Warning: upgrade MySQL without testing at your own risk

Do you test your application systematically when you upgrade or reconfigure your database server? You should! Here’s a real (anonymized) story of what happens if you don’t.

When we upgraded to 5.0.62 (from 5.0.27 and 5.0.45), our code broke for queries like this:

SELECT SUM(amt) FROM daily_amt WHERE day = FROM_UNIXTIME(1222889772);

The problem here was a wrong DATE/DATETIME comparison and other bug fixes in MySQL 5.0.62; it was stricter in enforcing the comparison.

This resulted in an outage and revenue loss to the company.

Daniel and I (mostly Daniel) continue to improve mk-upgrade to make it easy and inexpensive to find these kinds of scenarios before they bite you. Don’t get caught with your pants down – next time you make any major change to your database server (upgrade, configuration change, switching to InnoDB…) follow at least this bare-minimum process:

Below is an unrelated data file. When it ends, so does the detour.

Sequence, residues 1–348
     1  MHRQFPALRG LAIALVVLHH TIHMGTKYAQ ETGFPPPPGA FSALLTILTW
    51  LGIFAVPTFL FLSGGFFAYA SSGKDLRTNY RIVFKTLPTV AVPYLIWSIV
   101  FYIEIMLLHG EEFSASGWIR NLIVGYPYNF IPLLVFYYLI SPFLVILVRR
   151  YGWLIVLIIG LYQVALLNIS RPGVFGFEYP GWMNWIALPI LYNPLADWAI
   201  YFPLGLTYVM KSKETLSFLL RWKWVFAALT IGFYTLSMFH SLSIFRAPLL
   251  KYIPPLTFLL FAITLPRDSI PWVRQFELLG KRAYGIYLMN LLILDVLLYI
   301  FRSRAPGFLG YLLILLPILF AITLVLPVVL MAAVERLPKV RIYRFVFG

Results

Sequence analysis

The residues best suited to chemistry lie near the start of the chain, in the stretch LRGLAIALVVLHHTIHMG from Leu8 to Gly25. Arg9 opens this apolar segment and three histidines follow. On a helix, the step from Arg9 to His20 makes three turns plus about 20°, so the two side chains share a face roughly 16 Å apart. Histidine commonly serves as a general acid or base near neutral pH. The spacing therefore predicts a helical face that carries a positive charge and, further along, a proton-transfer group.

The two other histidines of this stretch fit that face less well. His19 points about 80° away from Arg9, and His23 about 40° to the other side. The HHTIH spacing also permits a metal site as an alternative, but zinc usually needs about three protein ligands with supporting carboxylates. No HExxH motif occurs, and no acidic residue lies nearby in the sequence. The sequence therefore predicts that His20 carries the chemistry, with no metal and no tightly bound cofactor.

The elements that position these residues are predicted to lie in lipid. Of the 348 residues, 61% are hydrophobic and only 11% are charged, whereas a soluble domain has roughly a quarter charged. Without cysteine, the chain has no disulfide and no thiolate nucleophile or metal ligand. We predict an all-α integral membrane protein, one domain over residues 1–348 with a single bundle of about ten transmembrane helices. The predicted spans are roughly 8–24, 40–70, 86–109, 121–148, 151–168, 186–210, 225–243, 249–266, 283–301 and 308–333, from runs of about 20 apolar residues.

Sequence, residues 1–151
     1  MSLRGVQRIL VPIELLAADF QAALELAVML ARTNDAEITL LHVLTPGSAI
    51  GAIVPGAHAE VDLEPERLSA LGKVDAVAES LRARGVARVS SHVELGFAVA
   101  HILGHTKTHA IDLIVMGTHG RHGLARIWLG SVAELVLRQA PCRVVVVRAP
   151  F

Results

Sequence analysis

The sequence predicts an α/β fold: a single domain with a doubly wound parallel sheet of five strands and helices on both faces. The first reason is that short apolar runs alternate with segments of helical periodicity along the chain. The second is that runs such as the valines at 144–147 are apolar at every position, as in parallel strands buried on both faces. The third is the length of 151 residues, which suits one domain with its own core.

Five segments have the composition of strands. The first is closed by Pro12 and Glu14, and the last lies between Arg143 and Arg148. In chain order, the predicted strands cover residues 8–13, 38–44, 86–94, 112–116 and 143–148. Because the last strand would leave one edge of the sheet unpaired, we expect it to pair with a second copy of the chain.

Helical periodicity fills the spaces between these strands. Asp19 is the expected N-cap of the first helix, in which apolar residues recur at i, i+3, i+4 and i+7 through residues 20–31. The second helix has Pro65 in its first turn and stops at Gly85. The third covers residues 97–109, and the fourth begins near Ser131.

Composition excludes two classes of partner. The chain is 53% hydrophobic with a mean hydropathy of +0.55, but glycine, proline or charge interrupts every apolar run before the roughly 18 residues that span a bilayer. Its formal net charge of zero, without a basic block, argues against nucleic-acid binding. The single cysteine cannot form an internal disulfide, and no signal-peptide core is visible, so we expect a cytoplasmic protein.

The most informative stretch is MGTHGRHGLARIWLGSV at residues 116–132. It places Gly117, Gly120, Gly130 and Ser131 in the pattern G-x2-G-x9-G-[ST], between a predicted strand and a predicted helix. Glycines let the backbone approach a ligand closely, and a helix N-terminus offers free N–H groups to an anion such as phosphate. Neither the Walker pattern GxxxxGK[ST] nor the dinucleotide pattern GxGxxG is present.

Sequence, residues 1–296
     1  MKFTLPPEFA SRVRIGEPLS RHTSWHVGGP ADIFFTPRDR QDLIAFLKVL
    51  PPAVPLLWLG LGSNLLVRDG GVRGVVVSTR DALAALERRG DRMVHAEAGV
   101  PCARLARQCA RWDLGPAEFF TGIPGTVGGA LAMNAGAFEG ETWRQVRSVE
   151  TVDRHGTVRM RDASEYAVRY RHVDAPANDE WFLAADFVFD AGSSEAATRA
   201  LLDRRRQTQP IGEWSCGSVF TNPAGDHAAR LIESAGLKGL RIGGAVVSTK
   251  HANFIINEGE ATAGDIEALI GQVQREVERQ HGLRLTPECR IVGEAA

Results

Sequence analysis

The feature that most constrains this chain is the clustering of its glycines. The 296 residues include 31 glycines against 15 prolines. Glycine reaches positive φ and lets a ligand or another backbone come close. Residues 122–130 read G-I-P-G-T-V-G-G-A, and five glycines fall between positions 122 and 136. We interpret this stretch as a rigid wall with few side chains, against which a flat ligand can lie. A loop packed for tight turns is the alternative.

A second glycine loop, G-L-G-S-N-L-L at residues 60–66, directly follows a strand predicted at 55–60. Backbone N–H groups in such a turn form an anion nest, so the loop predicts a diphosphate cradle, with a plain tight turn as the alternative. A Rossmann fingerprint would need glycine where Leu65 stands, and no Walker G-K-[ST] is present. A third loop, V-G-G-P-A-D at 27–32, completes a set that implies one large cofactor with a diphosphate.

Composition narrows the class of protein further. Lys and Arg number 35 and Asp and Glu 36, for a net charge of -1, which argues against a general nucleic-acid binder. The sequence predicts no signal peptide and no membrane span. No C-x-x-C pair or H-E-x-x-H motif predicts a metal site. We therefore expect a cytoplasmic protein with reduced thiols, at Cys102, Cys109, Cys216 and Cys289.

• collect all queries run against the server for a sufficient time
  • get a snapshot of your data
  • use mk-upgrade to validate correctness and performance
  • submit bug reports – this is a non-trivial tool, and we need your feedback

If you need help with any of the above, I know someone who can help.

About The Author

Baron is the founder and CEO of VividCortex. He is the author of High Performance MySQL and many open-source tools for performance analysis, monitoring, and system administration. Baron contributes to various database communities such as Oracle, PostgreSQL, Redis and MongoDB.